Antley–Bixler syndrome, also called trapezoidocephaly-synostosis syndrome, is a rare, very severe autosomal recessive congenital disorder characterized by malformations and deformities affecting the majority of the skeleton and other areas of the body.
Antley–Bixler syndrome presents itself at birth or prenatally. Features of the disorder include brachycephaly (flat forehead), craniosynostosis (complete skull-joint closure) of both coronal and lambdoid sutures, facial hypoplasia (underdevelopment); bowed ulna (forearm bone) and femur (thigh bone), synostosis of the radius (forearm bone), humerus (upper arm bone), and trapezoid (hand bone); camptodactyly (fused interphalangeal joints in the fingers), thin ilial wings (outer pelvic plate), and renal malformations.
Other symptoms, such as cardiac malformations, proptotic exophthalmos (bulging eyes), arachnodactyly (spider-like fingers), as well as nasal, anal, and vaginal atresia (occlusion) have been reported.
|207410||FGFR2||Mutations found in the FGFR2 gene have been shown to cause synostosis and other formal skeletal, poly and syndactylic abnormalities found in Antley–Bixler and similar disorders.|
|201750||POR||A missense mutation in the Cytochrome P450 reductase (POR) gene results in abnormal steroidogenesis related to the genital malformations often found in Antley-Bixler. In OMIM, this is classified as an “Antley–Bixler syndrome-like phenotype” and not as Antley–Bixler syndrome itself.|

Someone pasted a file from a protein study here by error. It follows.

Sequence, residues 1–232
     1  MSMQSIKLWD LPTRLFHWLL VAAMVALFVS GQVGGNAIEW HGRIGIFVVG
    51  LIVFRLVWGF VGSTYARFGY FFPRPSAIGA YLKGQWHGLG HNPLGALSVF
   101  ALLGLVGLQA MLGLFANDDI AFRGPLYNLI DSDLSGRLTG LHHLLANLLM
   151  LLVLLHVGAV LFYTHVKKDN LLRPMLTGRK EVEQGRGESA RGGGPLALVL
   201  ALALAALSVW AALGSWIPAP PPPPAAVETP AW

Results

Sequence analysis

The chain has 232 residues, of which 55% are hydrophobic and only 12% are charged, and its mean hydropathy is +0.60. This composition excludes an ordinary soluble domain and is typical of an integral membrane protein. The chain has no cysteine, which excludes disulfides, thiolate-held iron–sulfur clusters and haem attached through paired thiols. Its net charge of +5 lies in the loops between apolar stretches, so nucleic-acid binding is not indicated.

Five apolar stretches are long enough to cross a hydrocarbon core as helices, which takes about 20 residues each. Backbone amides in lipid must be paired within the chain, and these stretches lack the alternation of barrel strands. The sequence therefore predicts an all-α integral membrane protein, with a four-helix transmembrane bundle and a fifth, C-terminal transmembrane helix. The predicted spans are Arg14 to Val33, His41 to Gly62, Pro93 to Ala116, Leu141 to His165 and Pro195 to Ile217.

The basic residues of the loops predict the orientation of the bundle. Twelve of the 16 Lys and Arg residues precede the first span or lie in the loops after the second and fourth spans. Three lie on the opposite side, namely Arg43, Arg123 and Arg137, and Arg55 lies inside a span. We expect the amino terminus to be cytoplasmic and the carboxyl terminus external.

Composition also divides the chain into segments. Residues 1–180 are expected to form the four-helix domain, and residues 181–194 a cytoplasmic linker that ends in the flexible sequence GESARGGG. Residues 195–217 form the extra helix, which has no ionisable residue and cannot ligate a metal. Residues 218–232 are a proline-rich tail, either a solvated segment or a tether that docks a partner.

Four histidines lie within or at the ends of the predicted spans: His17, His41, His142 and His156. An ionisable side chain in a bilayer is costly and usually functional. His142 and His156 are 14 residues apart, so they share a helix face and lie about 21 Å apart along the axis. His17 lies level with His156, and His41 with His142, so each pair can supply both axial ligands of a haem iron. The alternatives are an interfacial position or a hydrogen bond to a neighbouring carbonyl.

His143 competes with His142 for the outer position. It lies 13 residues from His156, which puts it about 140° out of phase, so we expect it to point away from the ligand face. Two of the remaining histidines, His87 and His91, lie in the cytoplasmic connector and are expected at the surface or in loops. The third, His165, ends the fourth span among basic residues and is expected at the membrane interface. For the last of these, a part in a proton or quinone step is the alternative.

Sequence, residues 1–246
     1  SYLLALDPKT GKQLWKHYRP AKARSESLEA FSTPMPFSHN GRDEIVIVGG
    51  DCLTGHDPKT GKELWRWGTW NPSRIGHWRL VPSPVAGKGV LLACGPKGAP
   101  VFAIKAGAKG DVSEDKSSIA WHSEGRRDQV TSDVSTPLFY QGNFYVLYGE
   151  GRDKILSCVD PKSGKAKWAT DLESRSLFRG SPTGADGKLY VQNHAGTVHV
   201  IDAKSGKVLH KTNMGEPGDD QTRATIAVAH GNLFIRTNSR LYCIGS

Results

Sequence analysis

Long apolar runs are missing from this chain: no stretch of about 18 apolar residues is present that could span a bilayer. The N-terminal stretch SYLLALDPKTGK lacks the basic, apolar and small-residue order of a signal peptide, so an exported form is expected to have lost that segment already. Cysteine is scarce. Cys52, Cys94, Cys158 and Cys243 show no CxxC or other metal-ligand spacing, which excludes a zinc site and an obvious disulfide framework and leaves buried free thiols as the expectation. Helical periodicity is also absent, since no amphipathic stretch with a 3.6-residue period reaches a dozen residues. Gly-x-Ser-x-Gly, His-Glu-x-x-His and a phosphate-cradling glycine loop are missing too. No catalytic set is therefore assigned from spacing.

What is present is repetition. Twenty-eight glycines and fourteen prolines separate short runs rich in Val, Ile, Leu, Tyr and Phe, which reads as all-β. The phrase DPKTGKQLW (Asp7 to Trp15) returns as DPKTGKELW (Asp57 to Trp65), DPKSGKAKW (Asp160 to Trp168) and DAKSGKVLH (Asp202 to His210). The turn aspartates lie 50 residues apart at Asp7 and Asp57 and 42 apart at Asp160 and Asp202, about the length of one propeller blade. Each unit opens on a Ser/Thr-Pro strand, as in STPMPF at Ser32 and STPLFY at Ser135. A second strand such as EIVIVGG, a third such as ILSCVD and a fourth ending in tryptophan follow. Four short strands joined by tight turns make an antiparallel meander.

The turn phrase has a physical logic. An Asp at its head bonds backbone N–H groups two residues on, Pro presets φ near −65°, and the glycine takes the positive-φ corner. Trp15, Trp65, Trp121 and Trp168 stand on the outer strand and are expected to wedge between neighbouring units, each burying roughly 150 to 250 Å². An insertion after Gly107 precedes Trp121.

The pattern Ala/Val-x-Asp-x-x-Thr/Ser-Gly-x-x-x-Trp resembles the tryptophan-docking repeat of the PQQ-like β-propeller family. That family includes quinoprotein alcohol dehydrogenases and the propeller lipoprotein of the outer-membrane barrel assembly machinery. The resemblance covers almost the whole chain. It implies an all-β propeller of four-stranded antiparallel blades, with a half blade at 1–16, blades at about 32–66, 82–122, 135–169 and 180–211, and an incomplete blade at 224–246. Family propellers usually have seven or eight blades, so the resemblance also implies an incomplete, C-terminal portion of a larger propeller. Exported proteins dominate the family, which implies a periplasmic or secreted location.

Antley–Bixler syndrome is inherited in an autosomal recessive pattern, which means the defective gene is located on an autosome, and two copies of the gene (one inherited from each parent) are required to be born with the disorder. The parents of an individual with an autosomal recessive disorder both carry one copy of the defective gene but are usually not affected by the disorder.
- GeneReviews/NIH/NCBI/UW entry on FGFR-Related Craniosynostosis Syndromes
- GeneReviews/NCBI/NIH/UW entry on Cytochrome P450 Oxidoreductase Deficiency
- Online Mendelian Inheritance in Man (OMIM) 207410
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- synd/226 at Who Named It?
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